In the case that violations do occur for individual units, and the association is cited for it, there can be disputes between the two parties of who is responsible. Legally, the understanding of common elements is pretty cut and dry: the interior of the wall inward is the responsibility and property of the unit owner. Everything else outward, the structural elements, exterior, hallways, are all the responsibility of the association collectively. Usually with condo and HOA units, ambiguity comes into play with water intrusion in or around windows on the building envelope. “Normally, if it's the window itself, it's typically on the unit owner, but it depends on how the documents are drawn up. Typically, if it's the window itself that's leaking, it's the unit owner. If it's the flashing around it that's leaking because of the way it was installed, that's on the association,” says Voorhees.

Of course, there’s some wiggle room for interpretation on that, and boards should be responsive to unit owner complaints when it comes to building code issues. If a unit owner feels that he or she is not getting a proper response from the board about an issue related to a window flashing, for instance, the unit owner can take matters into their own hands.

However, that usually doesn’t mean going over the board’s head to building code officials. “The town doesn't like to get into that dispute, and the DCA usually doesn't step up and come in for one unit. That unit owner will document the damage and they can actually sue the association, or hire their own engineer, write the report and turn it into the association. I've never seen a township get involved. If the unit is selling, and they have to get a certificate of occupancy for the unit, that's a different story,” says Voorhees.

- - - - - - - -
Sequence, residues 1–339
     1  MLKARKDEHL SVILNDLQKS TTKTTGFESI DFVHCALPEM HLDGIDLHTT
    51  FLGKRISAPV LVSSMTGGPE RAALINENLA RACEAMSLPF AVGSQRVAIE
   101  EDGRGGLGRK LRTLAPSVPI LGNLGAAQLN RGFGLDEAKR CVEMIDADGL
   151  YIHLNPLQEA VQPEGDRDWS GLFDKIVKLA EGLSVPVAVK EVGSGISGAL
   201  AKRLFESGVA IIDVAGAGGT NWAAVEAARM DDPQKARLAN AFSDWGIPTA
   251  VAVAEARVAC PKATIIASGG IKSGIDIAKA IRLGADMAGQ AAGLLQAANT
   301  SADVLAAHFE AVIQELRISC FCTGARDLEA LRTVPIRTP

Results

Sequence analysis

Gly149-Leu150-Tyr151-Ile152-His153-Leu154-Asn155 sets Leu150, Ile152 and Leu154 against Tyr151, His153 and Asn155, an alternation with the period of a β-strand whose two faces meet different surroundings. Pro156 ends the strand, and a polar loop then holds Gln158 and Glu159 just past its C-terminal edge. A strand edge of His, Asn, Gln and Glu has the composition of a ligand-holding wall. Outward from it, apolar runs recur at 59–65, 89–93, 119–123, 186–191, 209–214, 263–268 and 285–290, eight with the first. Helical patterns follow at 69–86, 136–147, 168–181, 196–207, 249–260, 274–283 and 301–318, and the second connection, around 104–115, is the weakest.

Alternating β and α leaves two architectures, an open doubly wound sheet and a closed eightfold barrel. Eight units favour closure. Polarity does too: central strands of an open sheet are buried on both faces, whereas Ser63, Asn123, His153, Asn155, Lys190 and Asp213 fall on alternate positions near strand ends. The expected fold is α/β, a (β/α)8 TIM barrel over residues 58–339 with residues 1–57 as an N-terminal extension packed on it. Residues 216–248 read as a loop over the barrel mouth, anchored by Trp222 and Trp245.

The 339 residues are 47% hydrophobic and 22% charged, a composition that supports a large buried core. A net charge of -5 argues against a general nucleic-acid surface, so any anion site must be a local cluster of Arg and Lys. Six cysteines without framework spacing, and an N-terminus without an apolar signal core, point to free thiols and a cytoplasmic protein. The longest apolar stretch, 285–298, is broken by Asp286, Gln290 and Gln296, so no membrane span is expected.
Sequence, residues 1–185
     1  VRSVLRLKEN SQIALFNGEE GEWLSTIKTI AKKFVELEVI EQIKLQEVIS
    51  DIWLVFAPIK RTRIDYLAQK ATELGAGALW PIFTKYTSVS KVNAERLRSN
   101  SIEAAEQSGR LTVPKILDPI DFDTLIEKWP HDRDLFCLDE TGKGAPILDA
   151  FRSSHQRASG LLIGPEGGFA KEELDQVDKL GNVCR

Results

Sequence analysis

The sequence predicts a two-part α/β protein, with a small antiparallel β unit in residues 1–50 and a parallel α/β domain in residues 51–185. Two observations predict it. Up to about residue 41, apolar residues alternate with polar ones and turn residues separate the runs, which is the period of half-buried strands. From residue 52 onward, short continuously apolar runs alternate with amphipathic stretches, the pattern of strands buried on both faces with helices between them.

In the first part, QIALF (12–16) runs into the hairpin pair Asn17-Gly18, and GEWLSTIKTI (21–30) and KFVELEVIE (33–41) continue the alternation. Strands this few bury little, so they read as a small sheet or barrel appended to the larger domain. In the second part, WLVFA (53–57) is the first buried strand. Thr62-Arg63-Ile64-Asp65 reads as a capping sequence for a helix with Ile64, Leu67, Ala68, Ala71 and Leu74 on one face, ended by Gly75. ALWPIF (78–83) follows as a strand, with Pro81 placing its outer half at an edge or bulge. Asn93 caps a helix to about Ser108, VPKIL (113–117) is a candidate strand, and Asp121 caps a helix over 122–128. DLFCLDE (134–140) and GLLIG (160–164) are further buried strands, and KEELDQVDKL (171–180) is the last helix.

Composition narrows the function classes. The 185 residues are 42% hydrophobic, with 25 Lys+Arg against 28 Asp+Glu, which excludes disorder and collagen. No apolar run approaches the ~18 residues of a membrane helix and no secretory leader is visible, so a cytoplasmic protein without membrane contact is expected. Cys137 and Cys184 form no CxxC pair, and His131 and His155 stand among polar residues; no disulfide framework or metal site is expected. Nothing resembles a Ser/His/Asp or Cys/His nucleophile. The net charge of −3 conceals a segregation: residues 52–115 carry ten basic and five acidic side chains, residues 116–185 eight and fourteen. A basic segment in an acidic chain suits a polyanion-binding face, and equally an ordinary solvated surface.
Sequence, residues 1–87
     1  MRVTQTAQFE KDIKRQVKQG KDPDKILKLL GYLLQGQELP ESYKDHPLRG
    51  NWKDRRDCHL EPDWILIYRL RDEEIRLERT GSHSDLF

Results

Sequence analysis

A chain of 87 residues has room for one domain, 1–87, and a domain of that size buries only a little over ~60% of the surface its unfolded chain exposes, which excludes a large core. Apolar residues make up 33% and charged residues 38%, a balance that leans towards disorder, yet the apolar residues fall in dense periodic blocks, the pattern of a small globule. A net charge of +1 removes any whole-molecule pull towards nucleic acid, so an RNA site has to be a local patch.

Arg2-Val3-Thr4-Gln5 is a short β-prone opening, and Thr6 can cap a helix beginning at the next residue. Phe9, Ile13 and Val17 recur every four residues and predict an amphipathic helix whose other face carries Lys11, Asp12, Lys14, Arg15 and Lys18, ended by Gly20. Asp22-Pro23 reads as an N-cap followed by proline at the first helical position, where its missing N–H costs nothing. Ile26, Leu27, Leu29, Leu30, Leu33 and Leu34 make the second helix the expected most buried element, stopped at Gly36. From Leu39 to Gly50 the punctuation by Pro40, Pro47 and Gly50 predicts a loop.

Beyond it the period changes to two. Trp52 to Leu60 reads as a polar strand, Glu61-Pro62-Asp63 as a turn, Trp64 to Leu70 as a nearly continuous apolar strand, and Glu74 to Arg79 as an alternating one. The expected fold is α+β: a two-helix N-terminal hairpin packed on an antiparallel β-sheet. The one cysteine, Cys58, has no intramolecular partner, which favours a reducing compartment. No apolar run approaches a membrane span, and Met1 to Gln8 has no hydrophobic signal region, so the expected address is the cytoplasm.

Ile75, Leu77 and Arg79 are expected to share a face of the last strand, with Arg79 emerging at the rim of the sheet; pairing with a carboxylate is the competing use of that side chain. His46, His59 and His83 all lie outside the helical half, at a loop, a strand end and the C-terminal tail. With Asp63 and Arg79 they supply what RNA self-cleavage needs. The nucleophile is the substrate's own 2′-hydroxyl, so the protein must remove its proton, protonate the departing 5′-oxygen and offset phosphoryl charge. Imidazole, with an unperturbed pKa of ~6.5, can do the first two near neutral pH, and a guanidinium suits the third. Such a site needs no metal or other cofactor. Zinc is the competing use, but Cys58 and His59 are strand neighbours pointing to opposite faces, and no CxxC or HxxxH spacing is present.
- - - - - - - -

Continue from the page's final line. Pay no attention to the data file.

Out with the Old

Aside from routine inspections, New Jersey’s code comes into play often when renovations or capital projects are being done by an association or individual unit owner. “When you apply for a permit, the building, fire or electrical inspectors review the documentation or design provided with the permit to determine if it is in compliance with the code. The design shows what you plan to do. The inspectors then observe the work to determine if it has been done in compliance with the approved design. The developer usually obtains permits to build a community, the association obtains permits to work on the common elements or a homeowner applies for a permit to do work in their individual unit,” says Voorhees.